So I stay at my position, and when I'm in my prime I feel great. However, there are a million moments a week when I wonder how I got here. And I wonder who it was that wanted us to "have it all" and "do it all"? I long for simpler times.

I wonder, “Can I quit today?” Could I convince my boss to fire me?

I am riddled with guilt. Am I home enough? Am I present enough? And as I sneak out of work to make an earlier trainer, or slide in late, having stayed home for more time, I wonder, Am I working enough? I try to surround myself with strong, similar situation women, but frankly it is hard. I have a great, diverse group of friends in different situations, but like the guilt I wear about motherhood, it creeps into my friendships, my family relationships, and my own personal maintenance.

There is guilt also associated for even wanting to quit. Do I want/need to put that kind of pressure on my husband, and won’t I eventually want to work again? And if I think I will work again, how would I re-enter the workforce?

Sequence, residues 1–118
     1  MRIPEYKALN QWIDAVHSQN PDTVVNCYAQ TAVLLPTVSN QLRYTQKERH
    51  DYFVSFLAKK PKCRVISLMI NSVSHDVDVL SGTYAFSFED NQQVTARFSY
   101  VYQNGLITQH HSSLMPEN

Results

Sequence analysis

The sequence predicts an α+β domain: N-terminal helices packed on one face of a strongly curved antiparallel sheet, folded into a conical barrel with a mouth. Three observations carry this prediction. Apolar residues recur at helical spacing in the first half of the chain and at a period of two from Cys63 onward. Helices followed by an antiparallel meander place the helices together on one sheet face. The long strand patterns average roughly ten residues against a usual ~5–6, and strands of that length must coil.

As I try to come to a conclusion, I realize that there isn't one conclusion. There isn't an answer, and that this challenge will probably stay with me for a long time to come. Longer than I would ever use a purse...
Guilt is something I know all Moms in all different situations carry. What is your guilt and how do you cope?

8 comments:

  1. I can relate. There's no easy answer and no perfect arrangement. In addition to the guilt I carried about not working more and not using my law degree /professional brain for the couple years during which I was a FT SAHM to our then "2 under 2" we also came to a point where I needed to supplement our family's income. So I went your DH's route.

    I started my own solo law practice. In my home. With my children around. While pregnant with DD3. I just celebrated 2 years in solo practice and wish it weren't still such a rollercoaster ride. It is *never* easy. Some days I feel great about myself as a mom, or attorney, or wife, or on a rare fantastic day, all three! Other days I feel like a miserable failure one or more of the same roles I play regularly. But I've learned to try not to beat myself up about it.